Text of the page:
Sparky Jr.

A quick question for people to ponder...

Considering the technology has been available for a while now, why do you think video chat has not caught on with mainstream consumers? Please present your response in the form of a Haiku (5,7,5).

No eye contact sucks.
Who wants to chat with friends, with
gaze over shoulder?

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Are you sure he wasn't bored with you? Did you juggle or make funny faces? You gotta shake your money maker.

Gringo said:
I recently had a video chat with my 5 yr old nephew. At first he was confused by the whole uncle-in-a-screen thing, then he grasped the concept, chatted for a bit and then became bored. He signed off by saying "I'm going to stop looking at you now"
I think video chat by itself has caught on fine with some segments. I use it all the time from computer to computer and know many others who do too.

The telepresence thing has many problems that make it more of a pain in the ass to use - for a start you need to get your rig transported to wherever, which is often more trouble than going there yourself. And even robot-form telepresence rigs aren't very mobile.

Exactly, Christopher.

I'm bedridden and a tech geek so I'm pretty much 100% the perfect audience and I still don't want a robot-form telepresence rig because of all the costs and things that can go wrong and the problem of needing a geek and a flat surface at the other end. I'm thinking of a netbook with a webcam on servos so I can "look around" from the netbook (controlled at my terminal) but have less that can go wrong!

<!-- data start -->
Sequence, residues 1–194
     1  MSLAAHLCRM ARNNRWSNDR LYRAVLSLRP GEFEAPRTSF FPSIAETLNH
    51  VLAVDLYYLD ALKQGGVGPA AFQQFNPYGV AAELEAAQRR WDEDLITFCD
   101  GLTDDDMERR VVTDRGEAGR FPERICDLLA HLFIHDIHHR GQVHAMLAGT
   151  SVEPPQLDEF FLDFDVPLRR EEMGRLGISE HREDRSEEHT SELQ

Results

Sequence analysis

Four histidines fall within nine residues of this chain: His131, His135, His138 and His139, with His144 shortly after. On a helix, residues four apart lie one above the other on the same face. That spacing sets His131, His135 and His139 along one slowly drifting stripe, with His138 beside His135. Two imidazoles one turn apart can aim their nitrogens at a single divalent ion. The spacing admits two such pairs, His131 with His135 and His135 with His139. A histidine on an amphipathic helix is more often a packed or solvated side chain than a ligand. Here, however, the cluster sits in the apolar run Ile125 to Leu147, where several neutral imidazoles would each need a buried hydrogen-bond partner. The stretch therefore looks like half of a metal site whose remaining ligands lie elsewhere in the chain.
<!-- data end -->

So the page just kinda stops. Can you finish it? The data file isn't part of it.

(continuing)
The comments in this thread make some valid points, but I wonder how much of it it prejudiced by our time and place historically. The idea of remote mobile telepresence is still largely the stuff of SciFi, but just a few years ago, even the Internet seemed unrealistic.

I feel that the slow adoption of telepresence in the last decade is actually due to to fact that it IS tethered - generally relying on a stationary computer - even a netbook is stationary without a person (or robot) to move it from place to place.

Chris- You ask what's the point. Imagine a few years out when the SFMoMA has a bank of Sparky 'bot that can be used by anyone anywhere to view the museum unattended. That would be a boon to the millions of people who don't live nearby but still want to see the art. I recently did just that. I took Sparky to the SF Museum of Modern Art. It is this kind of mobile freedom that will allow telepresence to break free of the chains that currently bind it to a desktop. Here is a radio show from PRI's Studio 360 that covered the event:

I work for a large organization, and we use telepresence all the time. It reduces travel costs, it allows our customers over seas to interact with people back in the states.

I think the uses for this technology are there, its a matter of getting people to stop thinking about it as sifi and start thinking about it as reality.

There were some good points here, but all in all i think it comes down to adoption. All we need is for someone famous to use it and BAM every one and their mother will have on in the living room. Adoption is the reason that a lot of my projects at work either fail or take forever to incorporate. Even something as small and easy as OCS (office communicator aka MSN messenger), its just instant messaging, and that took about 10 weeks to get global adoption.

So in short its not about the technology or the lack of having a geek around to fix it, its getting people to begin to use it and realize its potential.

Just my 2 cents.
dare ga sirou
egao wo kawasu
haru mizu ni.

(Who knows the thing so as not to have seen spring when smiles have been exchanged?)

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